My Project Medishare
By Karen Miller
I am adventurous by nature and a traveler at heart, so last summer when I considered what the next stage of my life would look like as I headed into my thirties sent me into panic mode. I have always wanted to do medical work overseas and it felt like my opportunity to do so was “now or never,” so it had to be now. Aside from becoming a Nurse Anesthetist, my decision to move to Haiti last September was the best one I ever made.
Family members through CFM brought me to Haiti. They offered me a place to stay and the emotional support that every person needs when taking on an adventure like this. When I arrived, I didn’t know what I was getting into. Where would I work? How would I get around? What exactly would I be doing? Everything was up in the air. I knocked on the gate of Hospital Bernard Mevs Project Medishare, and little did I know, I was home. The four buildings behind a large guarded orange gate would challenge me, frustrate me, reward me, and change me. The people I saw hustling around would become dear friends, coworkers, or maybe just a nuisance, but a part of me nonetheless.
My first job assignment was to work as an anesthetist in the operating rooms. We had new volunteers coming every week and sometimes we would have anesthesia help, and sometimes we wouldn’t. Dorothy was my mentor, a locally trained Anesthesiologist who had the patience of a saint. I will never forget my first patient; he was a little 5 month old with hydrocephalus. I wasn’t used to doing pediatric cases, and the resources were so limited and unfamiliar that I wasn’t sure I could. But, the weeks went by and I slowly became less green.
My second week, I was asked by our wonderful medical director to become the director of the Intensive Care Unit (ICU) in the hospital. This was intimidating for two reasons. The first was – Director? The second was the fact that our hospital’s ICU is the only one in the country. We had all the ventilators, all the medications, and most of the gadgets to offer. That meant if someone needed to be intubated and mechanically ventilated, they came to us. If somebody needed support with medications, they came to us. With only four beds in the ICU, it amazed me that we were not overflowing continuously. The people of Haiti are very resilient and they can withstand almost anything thrown at them, but, just in case their defenses were down, we were there.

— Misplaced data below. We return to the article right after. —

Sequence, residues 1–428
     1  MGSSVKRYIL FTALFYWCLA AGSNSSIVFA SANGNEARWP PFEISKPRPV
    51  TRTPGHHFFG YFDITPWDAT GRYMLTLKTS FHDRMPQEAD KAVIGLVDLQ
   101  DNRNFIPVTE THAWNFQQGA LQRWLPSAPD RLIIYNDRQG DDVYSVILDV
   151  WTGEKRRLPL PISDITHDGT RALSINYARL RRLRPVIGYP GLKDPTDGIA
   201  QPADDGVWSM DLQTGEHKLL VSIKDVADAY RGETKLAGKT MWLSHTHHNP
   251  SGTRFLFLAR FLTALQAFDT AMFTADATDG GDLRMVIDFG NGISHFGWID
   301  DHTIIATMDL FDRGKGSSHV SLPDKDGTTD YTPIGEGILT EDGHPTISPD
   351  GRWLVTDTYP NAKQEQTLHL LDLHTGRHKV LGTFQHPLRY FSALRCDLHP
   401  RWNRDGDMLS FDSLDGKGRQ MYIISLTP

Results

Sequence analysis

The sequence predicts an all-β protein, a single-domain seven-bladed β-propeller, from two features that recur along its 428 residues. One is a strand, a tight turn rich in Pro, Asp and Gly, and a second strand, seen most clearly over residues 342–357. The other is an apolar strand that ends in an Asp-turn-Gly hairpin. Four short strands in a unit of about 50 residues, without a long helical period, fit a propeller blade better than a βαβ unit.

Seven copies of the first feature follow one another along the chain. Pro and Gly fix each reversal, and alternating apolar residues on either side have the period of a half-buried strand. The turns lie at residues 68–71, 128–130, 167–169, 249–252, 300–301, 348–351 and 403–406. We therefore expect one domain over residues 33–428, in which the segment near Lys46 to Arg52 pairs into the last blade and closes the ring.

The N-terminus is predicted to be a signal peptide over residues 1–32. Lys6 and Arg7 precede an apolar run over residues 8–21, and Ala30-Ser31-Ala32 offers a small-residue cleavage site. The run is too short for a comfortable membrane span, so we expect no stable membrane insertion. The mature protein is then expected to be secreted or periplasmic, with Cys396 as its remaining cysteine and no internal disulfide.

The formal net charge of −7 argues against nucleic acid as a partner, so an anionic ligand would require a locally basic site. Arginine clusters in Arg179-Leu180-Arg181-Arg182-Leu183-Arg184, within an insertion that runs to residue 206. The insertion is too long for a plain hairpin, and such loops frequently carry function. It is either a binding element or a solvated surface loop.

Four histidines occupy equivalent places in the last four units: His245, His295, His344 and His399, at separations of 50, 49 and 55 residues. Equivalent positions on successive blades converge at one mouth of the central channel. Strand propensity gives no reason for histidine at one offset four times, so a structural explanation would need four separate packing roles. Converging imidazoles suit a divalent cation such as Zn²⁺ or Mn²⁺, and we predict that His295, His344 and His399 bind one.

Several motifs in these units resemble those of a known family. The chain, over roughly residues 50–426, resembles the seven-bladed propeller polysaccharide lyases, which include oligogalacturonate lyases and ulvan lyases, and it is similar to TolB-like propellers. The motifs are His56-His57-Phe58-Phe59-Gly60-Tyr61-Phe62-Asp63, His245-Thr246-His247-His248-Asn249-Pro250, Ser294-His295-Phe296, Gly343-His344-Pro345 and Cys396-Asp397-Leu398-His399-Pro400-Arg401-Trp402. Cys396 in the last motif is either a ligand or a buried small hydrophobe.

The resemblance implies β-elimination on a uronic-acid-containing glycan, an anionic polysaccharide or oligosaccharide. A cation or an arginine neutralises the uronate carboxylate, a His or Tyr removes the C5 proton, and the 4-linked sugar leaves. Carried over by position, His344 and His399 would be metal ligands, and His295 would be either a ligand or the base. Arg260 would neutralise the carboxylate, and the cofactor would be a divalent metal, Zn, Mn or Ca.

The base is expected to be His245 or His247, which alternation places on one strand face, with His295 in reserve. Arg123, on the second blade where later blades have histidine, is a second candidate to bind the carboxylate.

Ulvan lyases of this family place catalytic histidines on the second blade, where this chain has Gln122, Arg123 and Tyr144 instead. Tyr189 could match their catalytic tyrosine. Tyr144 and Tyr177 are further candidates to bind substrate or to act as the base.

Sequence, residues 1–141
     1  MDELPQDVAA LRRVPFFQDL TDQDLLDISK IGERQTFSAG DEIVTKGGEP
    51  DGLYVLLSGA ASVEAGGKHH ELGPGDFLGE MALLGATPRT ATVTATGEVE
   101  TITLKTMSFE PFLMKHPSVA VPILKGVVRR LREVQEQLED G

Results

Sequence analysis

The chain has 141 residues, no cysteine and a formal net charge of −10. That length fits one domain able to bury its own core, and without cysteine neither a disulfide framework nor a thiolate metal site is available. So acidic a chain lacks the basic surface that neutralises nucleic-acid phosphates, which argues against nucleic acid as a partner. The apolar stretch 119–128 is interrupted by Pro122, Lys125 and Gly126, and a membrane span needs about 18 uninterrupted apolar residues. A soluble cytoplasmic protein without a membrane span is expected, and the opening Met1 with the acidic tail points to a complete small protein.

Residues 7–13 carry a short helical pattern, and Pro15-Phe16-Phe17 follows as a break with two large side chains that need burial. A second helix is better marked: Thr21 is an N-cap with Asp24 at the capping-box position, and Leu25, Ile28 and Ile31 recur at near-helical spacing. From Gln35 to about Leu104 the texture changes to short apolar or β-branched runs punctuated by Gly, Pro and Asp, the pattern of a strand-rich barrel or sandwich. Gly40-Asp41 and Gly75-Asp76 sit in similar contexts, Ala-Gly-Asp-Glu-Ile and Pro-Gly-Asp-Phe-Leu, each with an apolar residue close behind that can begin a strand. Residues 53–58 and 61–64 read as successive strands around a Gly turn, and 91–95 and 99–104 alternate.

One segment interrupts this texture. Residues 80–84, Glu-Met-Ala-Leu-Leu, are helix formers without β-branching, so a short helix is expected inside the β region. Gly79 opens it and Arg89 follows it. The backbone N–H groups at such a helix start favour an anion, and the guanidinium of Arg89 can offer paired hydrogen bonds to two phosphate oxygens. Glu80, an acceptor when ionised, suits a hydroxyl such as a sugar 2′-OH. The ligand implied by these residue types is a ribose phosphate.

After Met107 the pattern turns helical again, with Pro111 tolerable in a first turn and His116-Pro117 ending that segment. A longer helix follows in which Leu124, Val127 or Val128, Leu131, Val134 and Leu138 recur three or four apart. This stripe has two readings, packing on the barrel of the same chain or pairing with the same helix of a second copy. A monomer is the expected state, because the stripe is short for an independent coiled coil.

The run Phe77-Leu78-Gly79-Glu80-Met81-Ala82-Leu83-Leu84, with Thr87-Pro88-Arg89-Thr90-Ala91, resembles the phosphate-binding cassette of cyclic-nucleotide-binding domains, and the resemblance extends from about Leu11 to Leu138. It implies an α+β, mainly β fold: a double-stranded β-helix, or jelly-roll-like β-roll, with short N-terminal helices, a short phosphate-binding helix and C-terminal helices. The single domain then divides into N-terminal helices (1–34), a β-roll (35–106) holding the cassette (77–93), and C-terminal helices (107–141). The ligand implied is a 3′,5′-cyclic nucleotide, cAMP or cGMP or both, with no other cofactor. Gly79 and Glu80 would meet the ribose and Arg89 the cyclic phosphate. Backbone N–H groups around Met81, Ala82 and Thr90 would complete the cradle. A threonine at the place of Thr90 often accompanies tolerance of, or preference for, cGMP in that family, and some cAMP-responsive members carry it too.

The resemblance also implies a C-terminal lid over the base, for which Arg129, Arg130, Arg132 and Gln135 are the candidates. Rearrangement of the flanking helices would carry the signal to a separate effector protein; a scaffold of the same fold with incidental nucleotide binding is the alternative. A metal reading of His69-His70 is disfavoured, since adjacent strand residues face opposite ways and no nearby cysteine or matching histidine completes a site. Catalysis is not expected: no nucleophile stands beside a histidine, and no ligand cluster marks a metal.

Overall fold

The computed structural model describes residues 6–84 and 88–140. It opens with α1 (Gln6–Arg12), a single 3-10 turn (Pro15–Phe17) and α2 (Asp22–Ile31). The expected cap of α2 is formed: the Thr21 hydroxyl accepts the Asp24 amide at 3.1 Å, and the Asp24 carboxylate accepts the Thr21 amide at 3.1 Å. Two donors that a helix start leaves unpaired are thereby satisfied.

I can’t even begin to describe how blessed I felt to have helped each one of our patients. As I am writing this, I can see their faces. Some stories ended badly, some ended triumphantly, but we always tried our best with what we had.
The most rewarding part of my journey was working with Haitian ICU nurses, all of whom I grew to know and love. When I met them, they were slightly standoffish. Most likely they were tired of all the new faces, and medical volunteers constantly telling them the “correct” way to practice nursing. I slowly gained their trust and their respect and together we made a great team. With their increase in confidence came a new desire for learning; they were constantly asking great questions and studying on their own. I started holding some classes for all the hospital nurses, and everyone loved it. They would repeatedly ask me to teach them again. It made me realize how much I took my education for granted during my schooling years. Groaning about doing homework, or missing an event to study seems silly to me now. What an amazing opportunity we have in the United States, to pick up a book in our native language and read it; to be able to research anything that comes to mind using a search engine. I wish that everyone had the opportunities for education that I did.
Last month, as my time in Haiti was winding down, I began training one of our very talented Haitian nurses to take over my position as Director of the ICU. She is perfect for the job and I’m so proud of her and all of the nurses for their dedication to nursing, to Hospital Bernard Mevs, and to the people of Haiti. The ICU will still be receiving volunteers, but the nurses have really made it their own unit.
My future plans include another adventure – Boston this time. I will begin my career as a pediatric nurse anesthetist at Children’s Hospital Boston this September. I am very grateful for the opportunity to have learned about myself and the people of Haiti. It has entirely changed the direction of my life. I am also grateful to Hartville Mennonite Church and CFM for granting me that opportunity. It would not have been possible without them!
Karen Miller with a patient at Hospital Bernard Mevs Project Medishare
From everyone at Project Medishare for Haiti:
THANK YOU KAREN, GOOD LUCK & SEE YOU AGAIN!
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